Buprenorphine can be taken in an outpatient, office-based setting. Studies have shown that using buprenorphine with naloxone increases its effectiveness in treating hydrocodone addiction and further reduces its abuse potential.
In contrast to methadone and buprenorphine, naltrexone is an opioid antagonist. It is often used for relapse prevention in hydrocodone dependence. Naltrexone inhibits dopamine release, thereby reducing the euphoric effects of hydrocodone – the properties that make it addictive. Patients who are on naltrexone therapy will therefore find it more difficult to “get high,” resulting in less relapse episodes and reduced cravings. Naltrexone has also been found to have a very low abuse potential and zero risk for toxicity.
Levo-alpha Acetyl Methadol (LAAM)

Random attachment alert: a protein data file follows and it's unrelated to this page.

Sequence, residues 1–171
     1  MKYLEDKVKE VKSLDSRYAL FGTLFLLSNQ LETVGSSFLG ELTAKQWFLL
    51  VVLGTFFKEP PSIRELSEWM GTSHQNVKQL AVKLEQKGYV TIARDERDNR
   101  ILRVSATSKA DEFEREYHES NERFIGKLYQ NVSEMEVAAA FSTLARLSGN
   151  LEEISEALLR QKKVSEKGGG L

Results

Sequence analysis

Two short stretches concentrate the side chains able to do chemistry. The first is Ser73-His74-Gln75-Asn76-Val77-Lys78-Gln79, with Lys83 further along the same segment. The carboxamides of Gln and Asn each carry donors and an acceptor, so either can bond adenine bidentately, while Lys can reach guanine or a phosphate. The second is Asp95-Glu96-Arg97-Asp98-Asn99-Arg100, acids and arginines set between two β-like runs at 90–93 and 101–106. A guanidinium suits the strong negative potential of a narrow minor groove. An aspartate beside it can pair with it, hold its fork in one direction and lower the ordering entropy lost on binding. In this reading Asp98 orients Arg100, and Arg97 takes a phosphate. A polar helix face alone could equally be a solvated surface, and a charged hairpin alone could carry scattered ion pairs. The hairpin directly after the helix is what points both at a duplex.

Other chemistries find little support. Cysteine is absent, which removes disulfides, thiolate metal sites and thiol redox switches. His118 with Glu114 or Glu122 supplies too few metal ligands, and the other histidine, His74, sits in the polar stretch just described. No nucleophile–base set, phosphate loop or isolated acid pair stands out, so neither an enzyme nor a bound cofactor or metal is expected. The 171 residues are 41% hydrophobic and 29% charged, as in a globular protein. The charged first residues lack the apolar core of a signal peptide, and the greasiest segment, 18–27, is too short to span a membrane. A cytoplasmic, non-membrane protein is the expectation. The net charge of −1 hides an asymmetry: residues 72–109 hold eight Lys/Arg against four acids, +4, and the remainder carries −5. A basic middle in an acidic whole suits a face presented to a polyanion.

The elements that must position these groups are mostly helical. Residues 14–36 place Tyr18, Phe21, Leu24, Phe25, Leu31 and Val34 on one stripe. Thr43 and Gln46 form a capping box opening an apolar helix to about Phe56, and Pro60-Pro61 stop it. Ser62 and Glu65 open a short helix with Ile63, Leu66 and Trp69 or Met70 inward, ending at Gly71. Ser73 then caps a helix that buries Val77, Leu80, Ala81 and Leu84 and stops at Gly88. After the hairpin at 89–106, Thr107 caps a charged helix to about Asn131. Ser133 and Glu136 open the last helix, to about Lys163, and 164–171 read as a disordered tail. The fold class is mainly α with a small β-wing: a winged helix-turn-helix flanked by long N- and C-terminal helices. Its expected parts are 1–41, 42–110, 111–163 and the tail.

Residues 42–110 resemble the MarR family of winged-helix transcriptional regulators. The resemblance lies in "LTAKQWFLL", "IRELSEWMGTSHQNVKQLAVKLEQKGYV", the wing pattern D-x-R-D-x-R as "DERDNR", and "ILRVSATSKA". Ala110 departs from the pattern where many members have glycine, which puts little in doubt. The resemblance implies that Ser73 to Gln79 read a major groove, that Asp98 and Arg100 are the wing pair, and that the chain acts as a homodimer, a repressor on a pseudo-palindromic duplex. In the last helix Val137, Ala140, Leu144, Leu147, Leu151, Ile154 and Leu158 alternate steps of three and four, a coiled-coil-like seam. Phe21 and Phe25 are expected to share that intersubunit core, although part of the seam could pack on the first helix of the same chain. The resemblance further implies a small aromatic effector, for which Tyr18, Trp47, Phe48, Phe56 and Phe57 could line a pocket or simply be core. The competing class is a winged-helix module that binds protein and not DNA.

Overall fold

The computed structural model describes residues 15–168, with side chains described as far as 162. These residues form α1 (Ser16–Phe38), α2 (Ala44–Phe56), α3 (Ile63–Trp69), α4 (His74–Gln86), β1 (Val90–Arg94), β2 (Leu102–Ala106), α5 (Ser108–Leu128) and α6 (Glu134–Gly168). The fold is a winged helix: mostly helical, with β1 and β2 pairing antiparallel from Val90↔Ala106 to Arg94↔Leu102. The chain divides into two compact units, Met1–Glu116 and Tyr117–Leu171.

LAAM is a synthetic opioid. While it is not FDA-approved for the treatment of opioid dependence, its efficacy and effectiveness is almost comparable to that of methadone, making it a great alternative for patients who cannot tolerate methadone therapy. In addition, LAAM requires less frequent dosing compared to methadone.
There are also psychosocial and behavioral interventions that can be instituted to further support recovery from hydrocodone addiction while in the care of a rehabilitation facility. Some of the most well-studied strategies are counselling and psychotherapy. Combination therapy using both medical and non-medical interventions has been shown to be highly effective in treating opioid dependence, compared to monotherapy alone.